I enter a meditative state as I watch the giant waves crash onto the cliffs in front of me, one by one, each new set arriving on shore like clockwork. It is my third day visiting Portugal and although it is October already, the sun is beating down on me, not yet ready to let fall take over.
A voice behind me pulls me out of my daydreaming. An elderly lady approaches me from a few metres behind, accompanied by a gentle golden retriever.
In a Portuguese accent, she chuckles: “Oh Lord, that surfer out there! The conditions today are really not ideal.” “Oh...”, I start mumbling, unsure what to respond, trying to find the tiny dot of a surfer she has spotted in the distance.
Her facial expressions soften: “Oh well.. Don’t worry about him. Somehow they always turn out fine! It’s the thrill for them, you know? My husband used to go out there all the time.” She tells me they have always lived close to the beach here in the small town of Aljezur, appreciating the slow pace of life with their dog Leila.
Again, I think to myself how beautifully welcoming and warm the Portuguese people have been so far. She asks me whether it is my first time in Portugal and I tell her about my recent journey and stay in Albufeira. She gently rolls her eyes at me: “So you are visiting the South Algarve then?”
“Yes,” I respond, slightly taken aback by her straightforwardness, “the South has long been on my list of places to visit, but this beach was recommended to me and I had some spare time.” I try to read her mind.
She nods slowly. A few moments later, she turns towards me and gives me a soft pat on my shoulder: “Well I’m so glad we met - we don’t see as many people from abroad here on the West Coast. Everyone always flocks to the South Algarve, which makes sense of course! The water is a lot better for swimming.” I look at her as she hesitates. “But...?”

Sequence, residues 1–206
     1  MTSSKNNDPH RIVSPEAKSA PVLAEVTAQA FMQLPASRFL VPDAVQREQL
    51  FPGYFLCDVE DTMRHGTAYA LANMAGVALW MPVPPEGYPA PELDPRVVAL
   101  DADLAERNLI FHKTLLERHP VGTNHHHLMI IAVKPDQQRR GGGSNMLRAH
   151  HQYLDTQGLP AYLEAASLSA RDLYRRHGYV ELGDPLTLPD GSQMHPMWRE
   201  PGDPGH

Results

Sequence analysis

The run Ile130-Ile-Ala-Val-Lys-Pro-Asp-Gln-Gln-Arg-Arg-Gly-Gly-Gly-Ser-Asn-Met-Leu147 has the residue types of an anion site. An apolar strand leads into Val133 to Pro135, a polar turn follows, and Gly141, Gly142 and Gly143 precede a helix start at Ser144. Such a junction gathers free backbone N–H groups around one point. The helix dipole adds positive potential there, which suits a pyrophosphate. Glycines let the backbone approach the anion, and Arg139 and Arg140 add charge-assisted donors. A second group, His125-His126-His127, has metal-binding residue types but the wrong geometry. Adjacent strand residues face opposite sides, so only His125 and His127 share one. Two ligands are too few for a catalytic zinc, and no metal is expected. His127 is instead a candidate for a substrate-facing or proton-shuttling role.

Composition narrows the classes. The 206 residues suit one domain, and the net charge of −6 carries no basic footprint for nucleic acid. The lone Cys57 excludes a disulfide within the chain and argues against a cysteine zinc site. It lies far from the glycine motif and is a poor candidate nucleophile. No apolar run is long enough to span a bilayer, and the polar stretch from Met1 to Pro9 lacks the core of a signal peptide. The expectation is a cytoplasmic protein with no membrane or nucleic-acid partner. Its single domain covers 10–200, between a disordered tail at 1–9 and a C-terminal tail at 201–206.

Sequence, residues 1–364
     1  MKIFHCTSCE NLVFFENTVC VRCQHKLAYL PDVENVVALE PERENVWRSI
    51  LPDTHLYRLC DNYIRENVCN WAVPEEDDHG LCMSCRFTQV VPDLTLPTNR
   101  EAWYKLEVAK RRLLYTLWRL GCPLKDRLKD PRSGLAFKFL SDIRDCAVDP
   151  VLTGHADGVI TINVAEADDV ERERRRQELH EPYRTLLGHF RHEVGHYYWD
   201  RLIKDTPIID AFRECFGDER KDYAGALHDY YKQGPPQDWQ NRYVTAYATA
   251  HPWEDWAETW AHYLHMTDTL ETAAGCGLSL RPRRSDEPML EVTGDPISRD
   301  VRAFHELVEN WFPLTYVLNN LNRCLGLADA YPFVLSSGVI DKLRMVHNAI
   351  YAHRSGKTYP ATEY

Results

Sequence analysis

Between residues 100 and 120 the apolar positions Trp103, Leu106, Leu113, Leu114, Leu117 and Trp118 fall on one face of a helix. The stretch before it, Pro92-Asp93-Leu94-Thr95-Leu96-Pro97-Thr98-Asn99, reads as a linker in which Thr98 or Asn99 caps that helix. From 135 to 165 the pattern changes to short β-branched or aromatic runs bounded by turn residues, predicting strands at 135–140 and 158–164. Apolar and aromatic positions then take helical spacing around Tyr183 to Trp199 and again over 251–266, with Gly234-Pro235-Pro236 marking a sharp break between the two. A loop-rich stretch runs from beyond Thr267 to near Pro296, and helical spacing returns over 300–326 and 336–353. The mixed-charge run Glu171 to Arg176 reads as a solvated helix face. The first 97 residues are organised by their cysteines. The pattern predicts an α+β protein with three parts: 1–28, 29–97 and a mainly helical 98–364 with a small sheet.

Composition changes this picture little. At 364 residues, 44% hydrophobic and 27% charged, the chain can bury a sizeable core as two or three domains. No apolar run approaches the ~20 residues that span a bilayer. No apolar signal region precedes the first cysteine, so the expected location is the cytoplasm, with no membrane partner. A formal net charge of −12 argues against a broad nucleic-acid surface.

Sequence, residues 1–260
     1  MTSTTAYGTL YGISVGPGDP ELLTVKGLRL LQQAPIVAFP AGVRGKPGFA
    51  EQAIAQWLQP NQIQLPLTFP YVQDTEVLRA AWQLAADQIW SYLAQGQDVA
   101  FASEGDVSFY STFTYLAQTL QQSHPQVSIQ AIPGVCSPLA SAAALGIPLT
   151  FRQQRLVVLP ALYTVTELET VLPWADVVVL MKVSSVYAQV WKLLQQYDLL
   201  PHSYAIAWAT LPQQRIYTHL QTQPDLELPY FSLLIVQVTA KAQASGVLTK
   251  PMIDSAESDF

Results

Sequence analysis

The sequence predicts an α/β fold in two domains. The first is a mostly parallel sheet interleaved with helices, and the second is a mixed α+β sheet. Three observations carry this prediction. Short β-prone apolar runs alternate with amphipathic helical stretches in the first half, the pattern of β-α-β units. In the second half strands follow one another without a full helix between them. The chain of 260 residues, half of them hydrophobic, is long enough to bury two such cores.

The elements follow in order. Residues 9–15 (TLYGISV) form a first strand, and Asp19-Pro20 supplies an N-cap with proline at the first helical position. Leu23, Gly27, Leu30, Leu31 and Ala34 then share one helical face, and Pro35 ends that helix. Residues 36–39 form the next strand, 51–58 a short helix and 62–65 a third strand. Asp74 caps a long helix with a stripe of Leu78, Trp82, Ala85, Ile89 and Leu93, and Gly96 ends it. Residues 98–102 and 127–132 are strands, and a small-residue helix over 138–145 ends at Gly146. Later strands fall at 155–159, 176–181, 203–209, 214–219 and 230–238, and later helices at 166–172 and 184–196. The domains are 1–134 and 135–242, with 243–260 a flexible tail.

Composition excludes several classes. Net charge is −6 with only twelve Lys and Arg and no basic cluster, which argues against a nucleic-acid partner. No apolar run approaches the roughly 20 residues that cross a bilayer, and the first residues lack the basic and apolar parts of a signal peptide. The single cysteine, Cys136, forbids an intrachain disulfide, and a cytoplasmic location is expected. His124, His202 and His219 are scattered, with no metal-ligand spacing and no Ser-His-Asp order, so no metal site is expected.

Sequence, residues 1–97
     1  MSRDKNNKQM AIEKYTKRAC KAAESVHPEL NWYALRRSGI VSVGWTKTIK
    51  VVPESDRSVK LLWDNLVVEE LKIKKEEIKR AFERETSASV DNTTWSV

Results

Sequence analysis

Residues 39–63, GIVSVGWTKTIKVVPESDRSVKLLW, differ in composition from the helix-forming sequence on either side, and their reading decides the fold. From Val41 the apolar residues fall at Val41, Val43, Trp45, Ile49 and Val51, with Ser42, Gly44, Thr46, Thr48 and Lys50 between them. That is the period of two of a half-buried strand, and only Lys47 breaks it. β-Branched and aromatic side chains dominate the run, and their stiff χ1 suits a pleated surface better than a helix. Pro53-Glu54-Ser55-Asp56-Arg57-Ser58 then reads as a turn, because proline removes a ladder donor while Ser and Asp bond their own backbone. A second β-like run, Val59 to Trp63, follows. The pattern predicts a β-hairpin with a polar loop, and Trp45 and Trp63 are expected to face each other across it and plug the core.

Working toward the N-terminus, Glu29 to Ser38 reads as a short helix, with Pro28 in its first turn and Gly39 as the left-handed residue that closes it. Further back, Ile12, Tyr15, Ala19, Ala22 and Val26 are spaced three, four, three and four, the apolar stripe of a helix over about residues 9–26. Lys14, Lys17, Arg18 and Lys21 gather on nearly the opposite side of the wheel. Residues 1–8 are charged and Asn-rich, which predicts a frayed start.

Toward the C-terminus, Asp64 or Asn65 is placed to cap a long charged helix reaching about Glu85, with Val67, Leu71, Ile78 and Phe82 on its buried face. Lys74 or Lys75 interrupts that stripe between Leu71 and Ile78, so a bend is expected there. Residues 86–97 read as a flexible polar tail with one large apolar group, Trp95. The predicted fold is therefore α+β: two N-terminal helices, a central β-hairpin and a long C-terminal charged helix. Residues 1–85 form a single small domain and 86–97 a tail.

“Well...” she continues, “this right here is Portugal, you know? The endlessly wide beaches. The coastlines with not a single soul in sight at times. I think it’s the more spiritual, more serene side of Portugal, which most people don’t see. Anyway, have a lovely time, my dear!”
I watch as the lady walks back up the stairs to the car park of Praia da Amoreira, quickly vanishing behind a large truck.
I turn around and look at the beach spreading out before me. Upon my arrival in Portugal, I hired a car at Faro airport and had planned to spend my time exploring the south of the Algarve only. Driven by promising pictures of the Benagil Caves and the stunning rock formations of Ponta da Piedade, I knew this was where I wanted to make use of my valuable time.
But what the lady had just mentioned had struck a chord with me. After two days of covering most things that had been on my list, I had already grown somewhat tired of following the beaten path, ticking off classic ‘bucket-list’ experiences. I craved something.. well.. LESS advertised.
Back at my rental, I decide to bury my initial plans. I pull up Google Maps on my phone, determined to make the most out of my three remaining days. Inspired by our warm encounter, I drive up to the centre of Aljezur, a small coastal town characterised by its Moorish castle, built in 10th century.
I notice a small café on the side of a street made of cobblestones and decide to sit down for a bit. The owner of the café, who is about my age, brings me a mouth-watering waffle garnished with fresh fruit. He tells me he’s been living in Aljezur for most of his adult life and thinks it is the most charming spot in the whole country.
Back at the hotel after a 1.5-hour drive, I let the memories of the day settle, grateful for the lady’s nudge to rethink my itinerary.
In the morning, I pack some lunch after breakfast and to my delight, the hotel owner hands me two traditional Pastel de Nata to enjoy on my drive back to the west coast. I devour them before I‘ve even started the engine.